My third Sunday was the best walk of all. After 2 days off to heal my blisters I felt refreshed as I set off alone from Castrojeriz. I climbed a steep track to regain the higher plateau as the sun rose dramatically behind me, catching the bright quartz in the path. The path levelled out but soon descended to a broad valley, full of stubble fields, with a distant view to a tree lined river. Villages and church towers punctuated the glorious landscape spread before me. After the open plain the path followed the Canal de Castilla, which felt like walking through a painting with deep green water, golden cornfields, blue sky and sparkling poplars.

By the fourth Sunday I had reached the great city of León. After Mass in the beautiful Cathedral we shared a pilgrim’s birthday drink at the San Marcos Hotel bar. I helped my new companion Anne reduce the weight of her rucksack by disposing of some surplus items. In the evening we indulged in heavenly hot chocolate at the Hotel Paris before returning to our very basic 5th floor hotel around the corner.

During the next week we had rain or showers most days. We also reached Galicia, a land of small hamlets and eucalyptus forests, very different from the rest of the walk. Arriving in Melide before lunch we found the pulpo (octopus) festival in full swing. However, we enjoyed an excellent plate of local cheeses and cold meats, washed down with local cider.

The guide book said the ‘last 50 kms are surprisingly arduous’, with which we concurred and were pleased to arrive eventually at a riverside converted 16th century pilgrim hospital. Everyone went to bed early. Only two more days to Santiago

It was wonderful to arrive in Santiago, stand before the great cathedral and contemplate all that had been achieved. I climbed above the High Altar and hugged St James, thanking him for my safe arrival and all those who helped me get there. The next day’s Pilgrim Mass was the emotional climax, as I stood among those who had made the journey with me. I’d arrived but I felt it was just the beginning of a new stage of my life!

Saturday, 23 January 2010

Great Chieftan O The Puddin Race

The 25th of January is the day the national bard of Scotland, Robert Burns, is remembered. On that night and around this time all over the world people gather for Burns Suppers. The format is traditional, with dinner, a speech called the Immortal Memory of Robert Burns, other speeches, singing and dancing. Much whisky is consumed.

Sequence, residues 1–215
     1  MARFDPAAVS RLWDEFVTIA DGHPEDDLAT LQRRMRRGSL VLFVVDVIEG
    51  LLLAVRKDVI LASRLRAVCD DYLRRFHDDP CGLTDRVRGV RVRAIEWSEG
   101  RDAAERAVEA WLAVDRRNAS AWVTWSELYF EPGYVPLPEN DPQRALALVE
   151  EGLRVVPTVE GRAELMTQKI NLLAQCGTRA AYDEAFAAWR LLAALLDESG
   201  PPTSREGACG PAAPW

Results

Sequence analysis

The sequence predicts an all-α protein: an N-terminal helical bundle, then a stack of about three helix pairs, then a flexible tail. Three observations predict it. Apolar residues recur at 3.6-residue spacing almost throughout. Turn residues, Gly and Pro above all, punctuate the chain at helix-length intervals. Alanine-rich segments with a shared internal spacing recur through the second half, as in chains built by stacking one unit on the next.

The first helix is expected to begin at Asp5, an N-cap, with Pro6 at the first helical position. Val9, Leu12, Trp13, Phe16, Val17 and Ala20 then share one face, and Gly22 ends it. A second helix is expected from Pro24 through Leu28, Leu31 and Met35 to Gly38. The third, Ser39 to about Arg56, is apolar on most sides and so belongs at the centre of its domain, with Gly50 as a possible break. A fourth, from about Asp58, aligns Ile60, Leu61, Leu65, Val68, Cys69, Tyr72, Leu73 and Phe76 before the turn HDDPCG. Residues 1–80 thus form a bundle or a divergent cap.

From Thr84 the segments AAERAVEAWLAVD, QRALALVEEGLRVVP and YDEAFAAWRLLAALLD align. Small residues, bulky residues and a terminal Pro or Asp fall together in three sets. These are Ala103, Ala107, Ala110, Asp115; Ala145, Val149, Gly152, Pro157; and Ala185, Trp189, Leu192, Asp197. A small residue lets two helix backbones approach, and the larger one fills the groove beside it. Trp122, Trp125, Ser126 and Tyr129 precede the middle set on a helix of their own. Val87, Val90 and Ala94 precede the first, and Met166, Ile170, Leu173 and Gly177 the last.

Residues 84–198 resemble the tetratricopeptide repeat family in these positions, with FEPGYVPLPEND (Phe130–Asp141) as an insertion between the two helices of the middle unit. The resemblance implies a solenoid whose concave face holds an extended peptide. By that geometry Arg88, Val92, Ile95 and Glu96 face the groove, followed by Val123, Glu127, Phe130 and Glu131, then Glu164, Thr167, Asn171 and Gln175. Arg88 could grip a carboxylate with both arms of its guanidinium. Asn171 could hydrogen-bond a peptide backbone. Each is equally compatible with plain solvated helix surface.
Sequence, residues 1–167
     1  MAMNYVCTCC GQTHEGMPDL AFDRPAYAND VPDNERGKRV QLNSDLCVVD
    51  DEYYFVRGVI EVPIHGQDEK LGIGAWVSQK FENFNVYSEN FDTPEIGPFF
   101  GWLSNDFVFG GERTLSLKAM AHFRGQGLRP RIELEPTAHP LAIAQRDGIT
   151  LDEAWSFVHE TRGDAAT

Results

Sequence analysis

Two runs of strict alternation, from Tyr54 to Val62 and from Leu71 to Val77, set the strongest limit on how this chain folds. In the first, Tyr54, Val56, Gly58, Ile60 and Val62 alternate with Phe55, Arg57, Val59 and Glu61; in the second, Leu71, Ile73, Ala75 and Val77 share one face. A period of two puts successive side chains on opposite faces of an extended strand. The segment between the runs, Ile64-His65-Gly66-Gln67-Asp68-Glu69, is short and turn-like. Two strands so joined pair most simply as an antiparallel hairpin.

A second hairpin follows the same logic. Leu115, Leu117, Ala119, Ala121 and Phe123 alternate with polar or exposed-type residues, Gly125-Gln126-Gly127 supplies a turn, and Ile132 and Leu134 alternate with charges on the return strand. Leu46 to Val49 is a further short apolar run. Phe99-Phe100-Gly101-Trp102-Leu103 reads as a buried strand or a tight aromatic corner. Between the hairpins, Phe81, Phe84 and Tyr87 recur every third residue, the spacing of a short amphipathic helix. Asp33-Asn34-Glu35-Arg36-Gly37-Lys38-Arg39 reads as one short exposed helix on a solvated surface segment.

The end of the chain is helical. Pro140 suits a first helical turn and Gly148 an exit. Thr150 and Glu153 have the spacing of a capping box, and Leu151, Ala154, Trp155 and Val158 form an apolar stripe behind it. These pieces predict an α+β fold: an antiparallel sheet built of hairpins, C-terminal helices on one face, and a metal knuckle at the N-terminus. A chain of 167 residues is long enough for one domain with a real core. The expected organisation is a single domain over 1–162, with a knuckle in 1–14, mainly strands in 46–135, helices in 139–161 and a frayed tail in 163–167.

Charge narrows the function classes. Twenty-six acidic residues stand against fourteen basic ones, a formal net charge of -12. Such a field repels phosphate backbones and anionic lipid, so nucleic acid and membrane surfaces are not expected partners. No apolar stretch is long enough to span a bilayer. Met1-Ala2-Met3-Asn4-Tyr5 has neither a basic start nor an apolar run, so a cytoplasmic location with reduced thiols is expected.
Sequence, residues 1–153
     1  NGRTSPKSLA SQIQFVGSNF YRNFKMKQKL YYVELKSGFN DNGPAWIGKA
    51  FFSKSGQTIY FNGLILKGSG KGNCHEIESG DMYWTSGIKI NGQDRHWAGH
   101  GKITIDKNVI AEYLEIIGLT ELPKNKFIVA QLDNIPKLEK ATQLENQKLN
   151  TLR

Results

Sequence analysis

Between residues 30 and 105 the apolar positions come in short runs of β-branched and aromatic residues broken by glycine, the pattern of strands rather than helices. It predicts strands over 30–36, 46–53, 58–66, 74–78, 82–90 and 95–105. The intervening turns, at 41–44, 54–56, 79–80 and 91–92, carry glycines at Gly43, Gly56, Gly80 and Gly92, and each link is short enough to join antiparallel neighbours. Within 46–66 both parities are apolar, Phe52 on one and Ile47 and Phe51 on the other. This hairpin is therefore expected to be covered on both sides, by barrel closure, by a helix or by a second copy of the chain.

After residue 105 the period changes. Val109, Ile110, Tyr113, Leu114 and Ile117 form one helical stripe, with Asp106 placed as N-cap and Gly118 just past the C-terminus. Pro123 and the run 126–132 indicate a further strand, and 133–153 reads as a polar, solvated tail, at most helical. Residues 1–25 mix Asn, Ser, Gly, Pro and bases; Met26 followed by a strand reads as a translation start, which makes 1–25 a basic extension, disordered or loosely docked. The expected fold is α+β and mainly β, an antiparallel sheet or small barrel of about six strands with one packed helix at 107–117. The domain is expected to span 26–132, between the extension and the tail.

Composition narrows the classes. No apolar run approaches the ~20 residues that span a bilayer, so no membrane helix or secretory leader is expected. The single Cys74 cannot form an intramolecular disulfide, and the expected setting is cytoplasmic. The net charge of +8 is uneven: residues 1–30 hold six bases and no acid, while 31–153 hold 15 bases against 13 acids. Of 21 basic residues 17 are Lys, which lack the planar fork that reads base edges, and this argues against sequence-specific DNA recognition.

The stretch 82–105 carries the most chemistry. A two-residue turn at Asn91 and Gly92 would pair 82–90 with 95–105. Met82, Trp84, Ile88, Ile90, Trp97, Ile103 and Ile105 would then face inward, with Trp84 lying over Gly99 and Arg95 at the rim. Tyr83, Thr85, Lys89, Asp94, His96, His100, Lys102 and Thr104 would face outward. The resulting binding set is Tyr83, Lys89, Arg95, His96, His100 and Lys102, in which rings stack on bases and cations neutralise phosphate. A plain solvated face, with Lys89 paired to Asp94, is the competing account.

Dinner begins with the skirl of the bagpipes and a Haggis on a platter is processed around the room. When it reaches the top table the host gives the Address to the Haggis. It begins:

Fair fa' your honest, sonsie face,
Great chieftain o' the Puddin-race!
Aboon them a' ye tak your place,
Painch, tripe, or thairm:
Weel are ye wordy of a grace
As lang's my arm.

It then continues in similarly unintellgible language which I for one don't understand. I realise this is heresy. So too are the plans for a Galician Version of a Burns Supper which we are holding in the now world famous La Terraza in Clapham on 29th January at 7.30. There is a four course meal and tickets are £30 per head or £55 for a couple. The restuarant is giving us the dinner for less than half of that amount so that we can raise as much money as possible for the extension which is being built to the albergue at Miraz.

All are welcome. 35 people have purchased tickets so far. If anyone who stumbles across this wee blog wants to come along just contact Marion Marples at the Confraternity of St James:
(+44) (0)20 7928 9988 or

A Galician Burns Night
in aid of the Miraz Refugio Holy Year Appeal
The Confraternity of Saint James in the United Kingdom
Selkirk Grace
Some hae meat and canna eat, and some wad eat that want it; but we hae meat, and we can eat, sae let the Lord be thankit. Amen.
Tapa of Haggis (veg available), Neeps and Tatties
with a Chupito de Uisge Beatha

Para empezar

Caldo Gallego

A continuación

Salmón con Sala Marinera
Cordero Asado al Horno